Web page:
Sri KP Bhaskar
Born on 1 July 1925 in the south Indian state of Kerala, the late Mr KP Bhaskar began his dancing career learning Kathakali at the Royal Dance School of Travancore. Through the years he had the benefit of learning from several gurus. In addition to other dance forms such as Manipuri and Kathak, he also learnt ballet from a Russian ballerina while he was in Bangalore, and Kandian dance while in Sri Lanka.
Among his gurus was the world-famous Uday Shankar, brother of sitar legend Ravi Shankar. With Uday, he worked on Kalpana, a dance film project which led to his subsequent job as an Assistant Dance Director at the Gemini Studios in Madras. During the Second World War, he went on tour with a troupe entertaining the Indian army in lands as far-flung as the Middle East and Africa.
On his way to Australia in 1952, Mr Bhaskar stopped over in Singapore and owing to serendipity, he stayed on. Taking advantage of his situation, he established Bhaskar’s Academy of Dance and started teaching dance in Singapore and Malaysia. Along with his new wife Mrs Santha Bhaskar, a talented dancer and choreographer, he built up a name for himself and the institution by performing all over the island and the peninsula.
In 1965 when Singapore separated from Malaysia, the Bhaskars concentrated their work in Singapore and in 1988 they established Nrityalaya Aesthetics Society, which remains the teaching wing of the organisation till today. A yoga expert himself who studied meditation in the Himalayas, Mr Bhaskar also organised yoga classes to be taught. The Society currently offers a full flight of classes in dance, music and yoga to over 1,500 students.
Mr Bhaskar was also a passionate writer. He has written three books on Indian dance and has contributed numerous articles to arts magazines. He was also a regular contributor to papers presented at national and international conferences. In addition, he has written scripts for television including a 13-part series on Bharathanatyam and a 26-part series titled “Aspects of Indian Dance”. For his numerous contributions to the field of arts, Mr Bhaskar earned several prestigious awards such as Pingat Jasa Gemilang (PJG), Natya Kalanidhi and Nritya Siromani (Honorary doctorate degree).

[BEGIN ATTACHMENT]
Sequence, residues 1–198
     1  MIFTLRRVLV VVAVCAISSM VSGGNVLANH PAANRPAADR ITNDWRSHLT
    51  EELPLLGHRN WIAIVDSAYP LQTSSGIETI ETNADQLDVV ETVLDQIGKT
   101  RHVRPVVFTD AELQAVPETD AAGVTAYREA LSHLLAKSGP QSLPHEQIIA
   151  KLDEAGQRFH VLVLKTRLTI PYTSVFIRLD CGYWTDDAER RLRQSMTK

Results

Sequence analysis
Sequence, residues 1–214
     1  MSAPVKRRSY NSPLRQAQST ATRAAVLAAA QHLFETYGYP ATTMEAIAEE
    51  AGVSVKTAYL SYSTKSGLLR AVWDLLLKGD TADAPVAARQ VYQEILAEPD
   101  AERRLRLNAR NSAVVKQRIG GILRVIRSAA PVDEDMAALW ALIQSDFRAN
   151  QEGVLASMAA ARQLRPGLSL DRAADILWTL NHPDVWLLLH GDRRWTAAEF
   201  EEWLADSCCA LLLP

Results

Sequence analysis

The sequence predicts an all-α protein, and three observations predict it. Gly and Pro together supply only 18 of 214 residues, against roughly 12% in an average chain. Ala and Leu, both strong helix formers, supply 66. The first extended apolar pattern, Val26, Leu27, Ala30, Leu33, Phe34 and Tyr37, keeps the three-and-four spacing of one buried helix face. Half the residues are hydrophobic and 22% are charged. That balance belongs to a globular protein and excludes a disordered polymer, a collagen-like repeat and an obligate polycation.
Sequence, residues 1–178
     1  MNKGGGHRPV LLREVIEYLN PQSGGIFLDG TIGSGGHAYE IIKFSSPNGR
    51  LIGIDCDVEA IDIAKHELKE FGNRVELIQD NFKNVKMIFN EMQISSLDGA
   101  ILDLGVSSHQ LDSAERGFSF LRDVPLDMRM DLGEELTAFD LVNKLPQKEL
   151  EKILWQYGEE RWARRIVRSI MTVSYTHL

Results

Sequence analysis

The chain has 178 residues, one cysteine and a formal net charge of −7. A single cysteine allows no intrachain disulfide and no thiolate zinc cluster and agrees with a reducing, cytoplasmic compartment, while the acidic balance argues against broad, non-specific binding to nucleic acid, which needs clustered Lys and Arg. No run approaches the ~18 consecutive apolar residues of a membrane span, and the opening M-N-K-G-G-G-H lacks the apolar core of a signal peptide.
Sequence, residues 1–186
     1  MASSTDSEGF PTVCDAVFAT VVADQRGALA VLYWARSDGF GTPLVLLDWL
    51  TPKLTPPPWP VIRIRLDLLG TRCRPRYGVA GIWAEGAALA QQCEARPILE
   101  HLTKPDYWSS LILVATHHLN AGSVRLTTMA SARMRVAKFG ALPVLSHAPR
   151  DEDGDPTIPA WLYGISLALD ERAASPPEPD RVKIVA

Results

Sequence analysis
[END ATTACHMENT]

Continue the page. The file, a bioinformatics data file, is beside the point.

Mr Bhaskar’s involvement in the community bestowed him the honour of heading a cultural mission to India in 1962/63. An active voice in the arts community, he was the pioneering chairman of the Dance Advisory Committee overseen by the Ministry of Culture. In addition, he was a member of the People’s Association, the National Theatre Trust, the Kreta Ayer People’s Theatre, the National Theatre Club and the Singapore Arts Federation. He was also president of the Singapore Kathakali Yogam for 20 years.
He founded Bhaskar’s Arts Academy Ltd in 1993 with a vision to provide artistes with more career opportunities and to expose Singaporeans to professional level classical Indian dance and music productions. The Academy currently employs several full-time dancers and musicians and produces large-scale performances here and abroad.
With a firm grip of the happenings of the arts world, Mr Bhaskar remained the president of Nrityalaya Aesthetics Society and CEO of Bhaskar’s Arts Academy till his passing at age 87.
Smt Santha Bhaskar